Google Vulnerability

Yesterday, I found a new XSS vulnerability that can be abused to steal information from Gmail accounts, I’ve done responsible disclosure of at least 3 vulns to Google, but since I haven’t got enough ‘motivation’, I’ll go full disclosure now.

The vulnerability exists in Blogspot polls feature, I had already disclosed a vulnerability on this system. The ‘font’ parameter was not being sanitized before being used inside an STYLE tag, so you could inject IE’s expression() and Mozilla’s -moz-binding. They fixed it, however they didn’t check enough the rest of the code, the new XSS is:

Simple XSS POC

Since its Sunday and there is nothing else to do, I’ve created 2 more pocs, one of them, shows a your contacts, the second one will make Gmail forward all new received emails to another email account, no user interaction required, well you just need to open a website while still logged to Gmail.


I have tested them under IE, Konqueror, Opera and Firefox, it should work on all of them. If you want to be protected against this kind of attacks, I’d highly recommend Firefox + NoScript.

Update: Google fixed this issue, I’d like to ask the people that looked at the second poc to disable forwarding if you have not done so, I’m still getting ton of email. This screenshot shows how to disable forwarding.


47 thoughts on “Google Vulnerability

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  20. Hi –

    I think perhaps both links do the forwarding? I believe that I only clicked on the contacts link.

    But it looks like this sets up forwarding on the gmail account in question to your mailbox, since my gmail account has been forwarding to you for a couple of days.

    Your account is now full, and bouncing, so I suspect I’m not the only one that clicked on it, and was left with all their email forwarding to you.

    Sorry about that, and, of course, please delete.

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  22. Ah, I’m dumb, I had no idea POC turned on gmail forwarding. Sorry for mailbombing you Fernando, I did not fully understand your POC.. and I get a LOT of freakin email via various Linux/FreeBSD mailing lists.

  23. I guess that I should have added a bigger/better explained warning, I wasn’t expecting the exposure I got such as being on slasdot/cnet/theregister/etc. I’ve just disabled that email account.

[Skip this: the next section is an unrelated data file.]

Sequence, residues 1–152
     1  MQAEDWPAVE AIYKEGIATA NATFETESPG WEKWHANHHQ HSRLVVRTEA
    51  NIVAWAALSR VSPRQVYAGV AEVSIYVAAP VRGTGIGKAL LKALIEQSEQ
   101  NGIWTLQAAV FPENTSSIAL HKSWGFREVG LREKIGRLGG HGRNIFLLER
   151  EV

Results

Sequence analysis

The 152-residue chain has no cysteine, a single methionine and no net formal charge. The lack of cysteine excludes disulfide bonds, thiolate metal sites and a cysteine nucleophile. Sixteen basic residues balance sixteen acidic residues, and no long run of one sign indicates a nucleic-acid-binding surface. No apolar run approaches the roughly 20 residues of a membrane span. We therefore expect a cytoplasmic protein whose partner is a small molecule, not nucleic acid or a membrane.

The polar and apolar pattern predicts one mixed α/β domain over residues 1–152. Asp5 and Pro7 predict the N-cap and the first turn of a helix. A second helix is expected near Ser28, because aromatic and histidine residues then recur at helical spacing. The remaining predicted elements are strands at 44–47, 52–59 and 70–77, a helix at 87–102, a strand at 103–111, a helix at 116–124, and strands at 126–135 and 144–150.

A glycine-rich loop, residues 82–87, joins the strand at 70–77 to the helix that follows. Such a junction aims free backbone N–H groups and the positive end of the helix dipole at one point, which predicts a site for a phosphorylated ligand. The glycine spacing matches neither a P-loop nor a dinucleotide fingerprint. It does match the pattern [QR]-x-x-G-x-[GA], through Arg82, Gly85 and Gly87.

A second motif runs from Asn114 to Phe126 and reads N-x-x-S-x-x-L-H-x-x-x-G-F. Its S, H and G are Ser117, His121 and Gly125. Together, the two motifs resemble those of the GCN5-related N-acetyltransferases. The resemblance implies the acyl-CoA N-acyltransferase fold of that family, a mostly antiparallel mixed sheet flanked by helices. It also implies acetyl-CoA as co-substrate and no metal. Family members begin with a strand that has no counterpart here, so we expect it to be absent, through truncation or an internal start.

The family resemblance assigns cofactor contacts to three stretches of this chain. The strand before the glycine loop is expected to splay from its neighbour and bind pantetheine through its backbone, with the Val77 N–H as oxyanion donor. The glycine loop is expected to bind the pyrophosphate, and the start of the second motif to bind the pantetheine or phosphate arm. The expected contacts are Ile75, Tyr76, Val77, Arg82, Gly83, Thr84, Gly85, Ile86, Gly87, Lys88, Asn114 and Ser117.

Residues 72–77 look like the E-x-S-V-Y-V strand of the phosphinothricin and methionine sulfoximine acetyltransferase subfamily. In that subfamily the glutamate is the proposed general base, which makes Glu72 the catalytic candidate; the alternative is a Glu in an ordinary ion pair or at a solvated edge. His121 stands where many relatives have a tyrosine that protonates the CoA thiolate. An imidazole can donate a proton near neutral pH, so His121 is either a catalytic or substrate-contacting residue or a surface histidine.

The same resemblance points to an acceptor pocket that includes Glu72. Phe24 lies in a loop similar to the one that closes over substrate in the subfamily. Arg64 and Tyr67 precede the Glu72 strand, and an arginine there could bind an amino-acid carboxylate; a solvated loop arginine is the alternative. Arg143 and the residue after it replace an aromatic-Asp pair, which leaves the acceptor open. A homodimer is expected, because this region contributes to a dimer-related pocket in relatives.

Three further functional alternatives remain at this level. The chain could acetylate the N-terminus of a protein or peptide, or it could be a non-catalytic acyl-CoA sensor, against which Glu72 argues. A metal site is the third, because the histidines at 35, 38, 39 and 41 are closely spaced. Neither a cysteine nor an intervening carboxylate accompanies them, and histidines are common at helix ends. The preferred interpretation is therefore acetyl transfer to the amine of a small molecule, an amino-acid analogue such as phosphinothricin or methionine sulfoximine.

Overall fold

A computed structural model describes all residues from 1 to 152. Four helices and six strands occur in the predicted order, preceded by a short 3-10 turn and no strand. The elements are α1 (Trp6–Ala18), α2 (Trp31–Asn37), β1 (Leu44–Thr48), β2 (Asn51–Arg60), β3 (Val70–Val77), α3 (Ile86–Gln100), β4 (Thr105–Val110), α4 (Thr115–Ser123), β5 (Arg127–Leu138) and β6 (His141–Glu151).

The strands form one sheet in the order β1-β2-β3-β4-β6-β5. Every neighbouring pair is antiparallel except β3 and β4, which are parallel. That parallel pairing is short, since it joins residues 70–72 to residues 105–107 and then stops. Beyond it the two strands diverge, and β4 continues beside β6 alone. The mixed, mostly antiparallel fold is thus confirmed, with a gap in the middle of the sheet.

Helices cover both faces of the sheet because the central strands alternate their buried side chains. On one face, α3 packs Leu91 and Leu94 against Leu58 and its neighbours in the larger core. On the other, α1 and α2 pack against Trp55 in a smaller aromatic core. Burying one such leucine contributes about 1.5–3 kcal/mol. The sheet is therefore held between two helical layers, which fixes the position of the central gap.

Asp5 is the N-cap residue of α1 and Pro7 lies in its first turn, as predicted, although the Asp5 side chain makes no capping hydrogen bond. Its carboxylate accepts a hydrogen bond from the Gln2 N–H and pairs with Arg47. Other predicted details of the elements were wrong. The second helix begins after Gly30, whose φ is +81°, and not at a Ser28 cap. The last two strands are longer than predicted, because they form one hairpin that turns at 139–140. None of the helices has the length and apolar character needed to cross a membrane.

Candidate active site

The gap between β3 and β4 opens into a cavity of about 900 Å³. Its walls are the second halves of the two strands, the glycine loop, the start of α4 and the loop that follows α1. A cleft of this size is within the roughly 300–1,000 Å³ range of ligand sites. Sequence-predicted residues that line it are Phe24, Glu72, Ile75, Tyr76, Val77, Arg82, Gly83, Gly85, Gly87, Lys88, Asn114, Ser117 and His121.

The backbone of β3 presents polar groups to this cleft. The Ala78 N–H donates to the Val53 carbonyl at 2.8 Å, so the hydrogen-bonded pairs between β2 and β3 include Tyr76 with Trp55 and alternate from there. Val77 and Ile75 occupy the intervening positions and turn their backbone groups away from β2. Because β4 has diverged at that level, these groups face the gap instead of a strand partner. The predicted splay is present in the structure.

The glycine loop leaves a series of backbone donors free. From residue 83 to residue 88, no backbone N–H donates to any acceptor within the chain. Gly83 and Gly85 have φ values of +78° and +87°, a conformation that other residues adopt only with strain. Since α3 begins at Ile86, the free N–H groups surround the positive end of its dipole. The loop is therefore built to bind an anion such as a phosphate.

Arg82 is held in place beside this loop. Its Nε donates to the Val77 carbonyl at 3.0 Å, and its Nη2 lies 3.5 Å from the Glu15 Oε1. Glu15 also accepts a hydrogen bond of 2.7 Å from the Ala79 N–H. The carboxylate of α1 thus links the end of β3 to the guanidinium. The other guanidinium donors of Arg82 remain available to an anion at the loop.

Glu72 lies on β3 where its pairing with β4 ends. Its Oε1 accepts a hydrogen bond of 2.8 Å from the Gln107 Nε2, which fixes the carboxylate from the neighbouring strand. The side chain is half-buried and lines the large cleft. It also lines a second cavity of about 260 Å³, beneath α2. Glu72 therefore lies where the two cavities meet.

All the code is up there, only the second poc enabled forwarding

  24. Great job, sir!

    I actually played with your POC and then forgot about it… I guess I should have payed more attention!

    It’s amazing to know just how many of us will click a link even when we know its bad… and it’s scary just how easy it is exploit something that most of us use.

    Excellent POC, excellent job!

    P.S. please disregard all the securityfocus spam and porn that I sent you… =)

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  30. Disable filtering? Wouldn’t simply reviewing your filters work to remove any evil ones? Or am I missing something?

  31. Michael: There seems to be some confusion regarding this vulnerability/poc with pdp’s find. This only allowed to use Gmail’s built in option to forward incoming email, pdp’s find used a CSRF on Gmail to inject evil filters. According to what I read, David Airey’s account was attacked by using CSRF.

    To reverse my attack, you have to disable Forwarding, and for pdp’s you have to remove evil filters from your filters list.

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  33. Okay so two different exploits. I am still confused and now concerned as well. Your post is rather unclear about what the second exploit does, how to undo it, or if Google has or hasn’t fixed the issue. Some of us would like to be able to use forwarding again on our accounts!

  34. I think I have resolved my confusion. It isn’t that a user needs to disable forwarding, it is they need to remove the address your attack places in the pop/Forwarding page (unlike the previous attack which worked via filters). Correct?

    Many thanks.


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  37. My girlfriend just told me that she was seeing some “weird messages” on her account, and on inspection it looks like she fell foul of an exploit akin to your second POC quite some time ago – she’s only been getting messages now because the mailserver it’s trying to forward to has been failing.

    I didn’t hear about this exploit when it was first found, and I’m reasonably technically-focused; my girlfriend didn’t stand a chance. I’m astonished that Google didn’t send out any kind of alert to their users when they patched the hole, because anyone who’d been exploited would still have the forwarding rule in place even after the patch.

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